UPDATE This story has been updated to add comment from the U.S. Army.

WASHINGTON — In what was described as a mutual decision, Raytheon is exiting from the Army’s Precision Strike Missile technology maturation and risk reduction phase without a flight test under its belt, according to a company statement sent to Defense News on March 25.

“Although we remain confident in our resolution to the technical issue that delayed our DeepStrike flight test, the Army and Raytheon have mutually come to the decision to conclude our participation in the PrSM Technology Maturation and Risk Reduction phase,” the statement reads in full.

DeepStrike is the name Raytheon gave its missile meant to replace the Army Tactical Missile System (ATACMS), which is built by PrSM competitor Lockheed Martin.

“The decision was made to not provide additional money to Raytheon to help them try to meet the requirements to get into the next phase of the competition and, really, that meant have a successful flight test,” Brig. Gen. John Rafferty, who is in charge of Army Long-Range Precision Fires modernization, told Defense News in a March 25 interview.

“Their period of performance ended on the 20th, last Friday, and so they dropped out of the competition because they didn’t meet the requirement for the next phase,” he said. “It has been a competitive program and all competitions end and this one ended in this way.”

Lockheed now has two successful test flights of its PrSM offering, but Raytheon had struggled with a technical issue since late last year when it was scheduled to execute its first test flight at White Sands Missile Range, New Mexico.

The company’s next flight test will be held April 30th, Rafferty said.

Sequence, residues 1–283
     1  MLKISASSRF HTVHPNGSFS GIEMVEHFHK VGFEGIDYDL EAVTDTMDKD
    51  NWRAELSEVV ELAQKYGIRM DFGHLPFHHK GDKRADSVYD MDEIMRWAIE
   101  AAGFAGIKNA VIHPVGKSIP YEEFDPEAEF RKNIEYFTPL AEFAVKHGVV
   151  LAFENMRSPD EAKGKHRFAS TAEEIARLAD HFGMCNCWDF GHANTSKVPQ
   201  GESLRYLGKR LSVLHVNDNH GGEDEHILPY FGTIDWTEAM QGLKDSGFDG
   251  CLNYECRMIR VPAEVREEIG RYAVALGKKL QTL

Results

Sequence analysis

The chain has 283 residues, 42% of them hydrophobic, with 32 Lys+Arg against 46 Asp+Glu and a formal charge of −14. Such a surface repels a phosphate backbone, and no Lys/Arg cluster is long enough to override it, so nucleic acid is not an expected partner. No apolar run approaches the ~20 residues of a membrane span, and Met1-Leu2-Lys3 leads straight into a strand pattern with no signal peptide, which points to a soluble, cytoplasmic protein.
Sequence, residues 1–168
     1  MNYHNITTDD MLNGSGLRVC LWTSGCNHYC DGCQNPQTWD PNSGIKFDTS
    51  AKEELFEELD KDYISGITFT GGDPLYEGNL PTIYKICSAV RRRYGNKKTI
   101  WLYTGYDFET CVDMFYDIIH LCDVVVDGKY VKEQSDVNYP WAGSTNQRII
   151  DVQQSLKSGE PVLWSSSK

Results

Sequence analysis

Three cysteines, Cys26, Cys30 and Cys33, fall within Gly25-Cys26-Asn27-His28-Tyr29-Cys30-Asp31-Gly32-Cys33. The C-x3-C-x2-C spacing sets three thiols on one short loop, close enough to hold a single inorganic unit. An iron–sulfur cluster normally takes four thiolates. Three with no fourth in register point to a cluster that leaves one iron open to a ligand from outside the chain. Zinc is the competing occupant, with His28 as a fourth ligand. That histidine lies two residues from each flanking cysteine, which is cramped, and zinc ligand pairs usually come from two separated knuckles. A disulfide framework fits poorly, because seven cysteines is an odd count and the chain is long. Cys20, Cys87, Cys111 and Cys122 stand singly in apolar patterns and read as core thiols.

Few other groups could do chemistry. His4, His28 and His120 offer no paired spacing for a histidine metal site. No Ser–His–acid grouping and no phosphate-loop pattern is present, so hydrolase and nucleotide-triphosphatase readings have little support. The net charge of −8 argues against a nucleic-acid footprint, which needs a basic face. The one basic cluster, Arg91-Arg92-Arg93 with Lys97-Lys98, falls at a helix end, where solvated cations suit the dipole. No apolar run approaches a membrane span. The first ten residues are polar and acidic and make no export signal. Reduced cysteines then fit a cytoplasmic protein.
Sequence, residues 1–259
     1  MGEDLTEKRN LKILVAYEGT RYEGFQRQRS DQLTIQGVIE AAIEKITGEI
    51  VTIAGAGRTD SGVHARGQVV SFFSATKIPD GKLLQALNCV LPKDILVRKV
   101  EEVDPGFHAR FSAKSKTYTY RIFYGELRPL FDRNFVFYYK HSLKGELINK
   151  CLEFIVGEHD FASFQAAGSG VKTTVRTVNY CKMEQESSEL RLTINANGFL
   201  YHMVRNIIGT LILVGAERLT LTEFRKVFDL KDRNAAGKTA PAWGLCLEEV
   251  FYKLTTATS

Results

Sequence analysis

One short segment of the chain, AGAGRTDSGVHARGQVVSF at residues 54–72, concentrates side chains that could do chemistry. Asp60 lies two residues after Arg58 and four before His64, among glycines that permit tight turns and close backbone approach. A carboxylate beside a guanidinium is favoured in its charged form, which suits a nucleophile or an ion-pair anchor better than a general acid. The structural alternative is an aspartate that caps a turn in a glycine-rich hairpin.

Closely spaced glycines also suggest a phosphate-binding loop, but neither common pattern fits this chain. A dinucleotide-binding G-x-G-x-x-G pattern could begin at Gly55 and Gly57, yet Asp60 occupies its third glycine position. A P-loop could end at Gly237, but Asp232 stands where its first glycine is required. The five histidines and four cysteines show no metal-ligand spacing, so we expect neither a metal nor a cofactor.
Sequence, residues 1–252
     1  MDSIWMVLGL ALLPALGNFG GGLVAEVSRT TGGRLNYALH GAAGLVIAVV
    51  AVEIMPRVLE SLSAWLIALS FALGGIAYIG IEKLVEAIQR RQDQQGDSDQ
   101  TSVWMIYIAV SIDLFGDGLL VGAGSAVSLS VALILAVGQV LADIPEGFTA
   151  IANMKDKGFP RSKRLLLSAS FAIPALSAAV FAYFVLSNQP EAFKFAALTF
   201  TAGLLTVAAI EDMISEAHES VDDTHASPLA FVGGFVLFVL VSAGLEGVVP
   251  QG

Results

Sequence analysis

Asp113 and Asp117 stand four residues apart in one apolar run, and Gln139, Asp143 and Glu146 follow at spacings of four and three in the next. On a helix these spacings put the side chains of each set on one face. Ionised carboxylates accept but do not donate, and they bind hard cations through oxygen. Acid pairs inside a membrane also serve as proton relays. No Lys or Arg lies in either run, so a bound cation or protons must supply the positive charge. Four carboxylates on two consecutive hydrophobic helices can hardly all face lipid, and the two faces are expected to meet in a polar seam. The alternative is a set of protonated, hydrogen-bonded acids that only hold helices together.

Replacing ATACMS with a new long-range precision missile is a top priority for the Army within its modernization portfolio because it is the centerpiece to how the service plans to operate against adversaries in the future where standoff will need to be greater.

While Raytheon may be out now, Rafferty said, “I think it’s important to remember that we view not just the base missile as the competitive part of PrSM.”

The Army intends to spiral in capability to the base missile later on. Spiral one adds a more capable seeker, and spiral two would enhance lethality of the weapon either through sub-munitions or “a couple of alternatives that we are considering for that," Rafferty said.

And the service plans to extend the range of the PrSM missile so there are opportunities for competition there “and we would welcome Raytheon as an important competitor,” Rafferty said, adding Raytheon’s design features a compelling propulsion system, which fundamentally differs from Lockheed’s design and could be considered down the road.

The service has accelerated PrSM’s fielding timeline by several years and will stick to the baseline requirements for the missile to get there. The Army has a goal to initially field PrSM in 2023.

The missile’s current maximum range requirement is 499 kilometers, which is the range that was compliant under the now-collapsed Intermediate-Range Nuclear Forces Treaty between the United States and Russia. The United States withdrew from the treaty in August, and so the Army no longer has to adhere to the range limit for its missiles.

But the Army believes the baseline missile could actually reach a range of 550 kilometers based on data from both Raytheon and Lockheed. The Army has said it wouldn’t consider adjusting its requirements until each company has had a chance to see how their respective missile behaves in real flight tests.

Lockheed’s third flight will test the missile’s performance at an even shorter range. The company is waiting on a potential award to conduct three more flights tests in a second phase of the program. Those tests will include a maximum range test as well as a salvo firing of two missiles.

Jen Judson is an award-winning journalist covering land warfare for Defense News. She has also worked for Politico and Inside Defense. She holds a Master of Science degree in journalism from Boston University and a Bachelor of Arts degree from Kenyon College.

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